The Possibility Project currently operates four performing arts programs—our Saturday Program, made up of 60 youth from diverse backgrounds (ages 13-19), our Foster Care Performing Arts Program for up to 25 youth in foster care (ages 15-21), our Youth Justice Program for up to 15 youth involved in the justice system (ages 16-24), and our Virtual Program for up to 20 youth from diverse backgrounds (ages 13- 19).

On stage: Male actor (left) is standing onstage with a black hoodie, female actor (middle) is wearing a white shirt and holding a red cup, and female actress (right) is wearing a pink jacket and heart-shaped glasses and crossing her arms

The Possibility Project Foster Care Performing Arts Program cast onstage in their original musical “REALIZE,” December 14-17, 2023. Photo courtesy of Ahmed Hassan

NEA: Part of The Possibility Project’s mission statement is to “empower diverse casts of teenagers to transform the negative forces in their lives and communities into positive action.” How does theater serve as powerful tool in uplifting youth?

CALFO: Theater is at its most vital and compelling when it brings new voices and visions to the stage—discovering and telling untold stories—weaving the actors, sets, lights, and sounds into a powerful, beautiful, meaningful experience; bringing communities together to experience new ideas and feelings; examining who we are and how and why we live; expressing our deepest conflicts and fears; illuminating our shared humanity; and creating a vision for how we can live together here and now. This is what The Possibility Project does in every program, every year. By engaging with the arts in this way, The Possibility Project’s participants examine the root causes of oppression in their lives and communities, its traumatic effects on their well-being and growth, and the intersection of these individual and social forces. Our social oppression workshops allow for youth in foster care to share their experiences with racism, sexism, heterosexism, and adultism, and discuss the harm these forces have engendered. These trainings and discussions are coupled with performing arts trainings and group scene-work and arts activities: youth work together across differences to create scenes illuminating the characters, events, and effects of their experiences, and begin to imagine resolutions to the conflicts they have navigated in theatrical form. The work created through this process is then shaped by the youth-led production team into an original musical, through which youth gain the skills, support, and courage to share their collective story and vision for change with NYC audiences. All of these activities are directed toward empowering our young people and transforming the painful experiences they have faced into positive, generative action for the future ahead of them.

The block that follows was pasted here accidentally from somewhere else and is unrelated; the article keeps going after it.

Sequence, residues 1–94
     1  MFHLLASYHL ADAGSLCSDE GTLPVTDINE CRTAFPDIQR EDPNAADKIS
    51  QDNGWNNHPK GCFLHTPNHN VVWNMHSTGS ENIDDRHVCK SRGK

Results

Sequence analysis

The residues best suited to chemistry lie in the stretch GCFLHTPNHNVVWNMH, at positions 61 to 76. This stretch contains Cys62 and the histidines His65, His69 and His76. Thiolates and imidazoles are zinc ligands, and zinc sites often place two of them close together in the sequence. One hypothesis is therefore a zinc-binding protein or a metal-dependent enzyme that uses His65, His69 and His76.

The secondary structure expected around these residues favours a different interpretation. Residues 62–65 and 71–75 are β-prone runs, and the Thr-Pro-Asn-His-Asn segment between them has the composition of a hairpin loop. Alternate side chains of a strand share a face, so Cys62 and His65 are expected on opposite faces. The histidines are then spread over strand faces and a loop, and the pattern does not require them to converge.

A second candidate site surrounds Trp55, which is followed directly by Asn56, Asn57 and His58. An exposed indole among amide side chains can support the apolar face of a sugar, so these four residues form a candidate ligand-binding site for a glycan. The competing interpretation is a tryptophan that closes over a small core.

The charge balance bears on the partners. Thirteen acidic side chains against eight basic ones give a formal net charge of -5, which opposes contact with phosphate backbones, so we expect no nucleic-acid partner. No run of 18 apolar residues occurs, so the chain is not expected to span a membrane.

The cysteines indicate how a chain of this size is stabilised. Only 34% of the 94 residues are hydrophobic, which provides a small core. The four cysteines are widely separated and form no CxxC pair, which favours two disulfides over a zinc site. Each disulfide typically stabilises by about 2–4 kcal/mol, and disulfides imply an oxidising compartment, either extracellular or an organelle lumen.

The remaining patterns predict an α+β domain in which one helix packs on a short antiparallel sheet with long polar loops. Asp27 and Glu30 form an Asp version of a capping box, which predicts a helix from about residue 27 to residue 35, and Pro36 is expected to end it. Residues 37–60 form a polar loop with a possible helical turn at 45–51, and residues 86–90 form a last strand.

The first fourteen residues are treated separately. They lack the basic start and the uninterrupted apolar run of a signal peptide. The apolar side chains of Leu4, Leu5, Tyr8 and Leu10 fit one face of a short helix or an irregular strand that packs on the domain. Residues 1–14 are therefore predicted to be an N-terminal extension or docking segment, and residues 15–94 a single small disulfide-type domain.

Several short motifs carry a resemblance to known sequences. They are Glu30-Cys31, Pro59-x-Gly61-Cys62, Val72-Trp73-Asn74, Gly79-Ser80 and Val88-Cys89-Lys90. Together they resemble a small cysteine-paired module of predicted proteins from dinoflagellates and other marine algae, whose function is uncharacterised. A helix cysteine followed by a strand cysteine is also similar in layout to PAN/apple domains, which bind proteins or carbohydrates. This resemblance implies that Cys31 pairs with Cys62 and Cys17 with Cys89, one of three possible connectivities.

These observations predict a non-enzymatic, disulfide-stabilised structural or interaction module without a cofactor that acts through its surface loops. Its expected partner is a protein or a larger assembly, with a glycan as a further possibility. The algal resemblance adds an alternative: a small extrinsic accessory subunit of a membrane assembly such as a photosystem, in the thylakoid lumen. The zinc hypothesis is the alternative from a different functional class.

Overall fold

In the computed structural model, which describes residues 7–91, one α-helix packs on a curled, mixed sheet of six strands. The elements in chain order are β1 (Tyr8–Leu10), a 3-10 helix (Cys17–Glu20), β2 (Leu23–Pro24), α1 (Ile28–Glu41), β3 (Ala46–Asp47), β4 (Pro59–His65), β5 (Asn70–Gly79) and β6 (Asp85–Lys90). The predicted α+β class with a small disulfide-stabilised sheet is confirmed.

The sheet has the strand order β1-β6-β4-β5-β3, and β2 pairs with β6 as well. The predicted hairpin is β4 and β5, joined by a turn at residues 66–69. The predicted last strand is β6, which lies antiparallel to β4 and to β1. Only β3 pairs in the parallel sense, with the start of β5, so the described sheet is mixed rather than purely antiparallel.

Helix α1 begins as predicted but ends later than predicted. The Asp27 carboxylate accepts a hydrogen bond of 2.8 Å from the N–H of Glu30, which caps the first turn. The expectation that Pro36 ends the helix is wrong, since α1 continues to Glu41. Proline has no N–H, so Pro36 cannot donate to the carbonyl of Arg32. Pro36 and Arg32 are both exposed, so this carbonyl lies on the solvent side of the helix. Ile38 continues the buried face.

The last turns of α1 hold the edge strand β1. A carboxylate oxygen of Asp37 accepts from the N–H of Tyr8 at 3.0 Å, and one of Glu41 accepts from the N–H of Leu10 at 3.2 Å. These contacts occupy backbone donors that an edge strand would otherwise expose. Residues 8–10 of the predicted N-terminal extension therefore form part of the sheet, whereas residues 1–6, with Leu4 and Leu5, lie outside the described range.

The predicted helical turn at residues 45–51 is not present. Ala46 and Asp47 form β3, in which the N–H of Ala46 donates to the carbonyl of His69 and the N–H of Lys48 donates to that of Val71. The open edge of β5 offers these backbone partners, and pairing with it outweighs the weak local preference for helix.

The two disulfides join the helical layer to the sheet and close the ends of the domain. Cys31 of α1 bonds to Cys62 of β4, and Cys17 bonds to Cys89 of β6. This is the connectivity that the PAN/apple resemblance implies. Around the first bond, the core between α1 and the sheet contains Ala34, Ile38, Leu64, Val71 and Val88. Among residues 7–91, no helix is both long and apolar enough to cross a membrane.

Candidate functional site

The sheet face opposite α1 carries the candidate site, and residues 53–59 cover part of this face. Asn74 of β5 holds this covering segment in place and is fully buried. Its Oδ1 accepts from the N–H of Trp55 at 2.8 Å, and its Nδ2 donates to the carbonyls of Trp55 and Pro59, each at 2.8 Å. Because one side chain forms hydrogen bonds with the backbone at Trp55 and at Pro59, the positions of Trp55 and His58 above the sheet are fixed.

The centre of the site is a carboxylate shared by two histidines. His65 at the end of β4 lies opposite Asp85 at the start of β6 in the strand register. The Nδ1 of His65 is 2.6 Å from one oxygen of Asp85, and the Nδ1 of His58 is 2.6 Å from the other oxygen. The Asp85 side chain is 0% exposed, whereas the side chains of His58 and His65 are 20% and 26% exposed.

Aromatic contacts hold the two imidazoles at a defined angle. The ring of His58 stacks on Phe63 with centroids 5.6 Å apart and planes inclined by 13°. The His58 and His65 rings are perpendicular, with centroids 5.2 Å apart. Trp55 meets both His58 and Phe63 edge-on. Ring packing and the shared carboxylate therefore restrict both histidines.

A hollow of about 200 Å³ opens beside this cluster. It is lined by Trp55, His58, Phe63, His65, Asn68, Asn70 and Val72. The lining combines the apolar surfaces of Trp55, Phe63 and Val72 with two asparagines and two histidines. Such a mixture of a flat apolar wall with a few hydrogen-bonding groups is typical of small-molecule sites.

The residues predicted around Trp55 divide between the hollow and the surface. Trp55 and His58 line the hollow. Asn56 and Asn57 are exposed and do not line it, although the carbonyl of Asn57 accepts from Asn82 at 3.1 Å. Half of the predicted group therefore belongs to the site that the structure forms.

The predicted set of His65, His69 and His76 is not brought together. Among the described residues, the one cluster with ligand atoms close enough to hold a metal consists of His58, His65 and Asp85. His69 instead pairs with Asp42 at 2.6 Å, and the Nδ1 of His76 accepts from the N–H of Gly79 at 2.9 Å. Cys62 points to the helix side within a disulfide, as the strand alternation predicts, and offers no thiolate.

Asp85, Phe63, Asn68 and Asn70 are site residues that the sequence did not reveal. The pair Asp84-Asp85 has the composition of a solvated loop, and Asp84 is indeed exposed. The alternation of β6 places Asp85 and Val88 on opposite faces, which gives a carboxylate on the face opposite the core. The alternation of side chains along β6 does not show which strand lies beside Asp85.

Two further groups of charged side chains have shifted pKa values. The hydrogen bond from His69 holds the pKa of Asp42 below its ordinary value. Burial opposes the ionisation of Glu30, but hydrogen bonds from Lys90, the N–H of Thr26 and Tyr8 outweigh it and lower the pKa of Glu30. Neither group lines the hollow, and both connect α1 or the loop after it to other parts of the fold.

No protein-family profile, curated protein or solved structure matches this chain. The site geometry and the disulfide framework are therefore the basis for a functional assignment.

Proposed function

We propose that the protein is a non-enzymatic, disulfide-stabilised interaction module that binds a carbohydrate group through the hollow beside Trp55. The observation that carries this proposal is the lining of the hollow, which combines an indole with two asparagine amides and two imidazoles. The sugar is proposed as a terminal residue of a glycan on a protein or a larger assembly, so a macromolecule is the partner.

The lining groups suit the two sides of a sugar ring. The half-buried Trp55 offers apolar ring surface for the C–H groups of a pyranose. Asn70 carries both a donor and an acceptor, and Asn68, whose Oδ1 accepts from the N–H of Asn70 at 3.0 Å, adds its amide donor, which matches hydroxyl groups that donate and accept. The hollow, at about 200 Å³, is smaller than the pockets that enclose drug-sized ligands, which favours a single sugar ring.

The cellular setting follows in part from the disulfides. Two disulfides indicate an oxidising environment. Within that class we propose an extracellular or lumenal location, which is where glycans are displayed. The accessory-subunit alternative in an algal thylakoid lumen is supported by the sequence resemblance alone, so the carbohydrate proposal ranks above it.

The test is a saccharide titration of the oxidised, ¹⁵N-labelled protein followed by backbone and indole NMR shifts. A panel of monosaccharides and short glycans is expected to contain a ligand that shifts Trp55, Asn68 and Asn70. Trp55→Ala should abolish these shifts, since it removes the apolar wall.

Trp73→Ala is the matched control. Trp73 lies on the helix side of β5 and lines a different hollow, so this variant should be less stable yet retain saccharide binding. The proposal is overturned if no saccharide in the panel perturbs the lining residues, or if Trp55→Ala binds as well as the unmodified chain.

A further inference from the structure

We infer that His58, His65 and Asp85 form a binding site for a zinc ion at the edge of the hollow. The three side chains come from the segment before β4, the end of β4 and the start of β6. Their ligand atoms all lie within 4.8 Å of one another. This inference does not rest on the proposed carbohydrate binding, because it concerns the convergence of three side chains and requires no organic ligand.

The creative space that theater provides gives our youth the opportunity to process their traumatic and complex experiences and to understand others’ experiences, as well. Much of this interpersonal exploration with peers, as with the arts training they receive, is happening for these young people for the first time. Their group exploration changes their feelings of isolation into something more proactive and communal; the extreme isolation of the pandemic and now the return to “normal” life has made this process an even more important tool in our communities.

NEA: What are some of the main challenges that The Possibility Project faces in its work with foster care youth, and how does the organization address these challenges?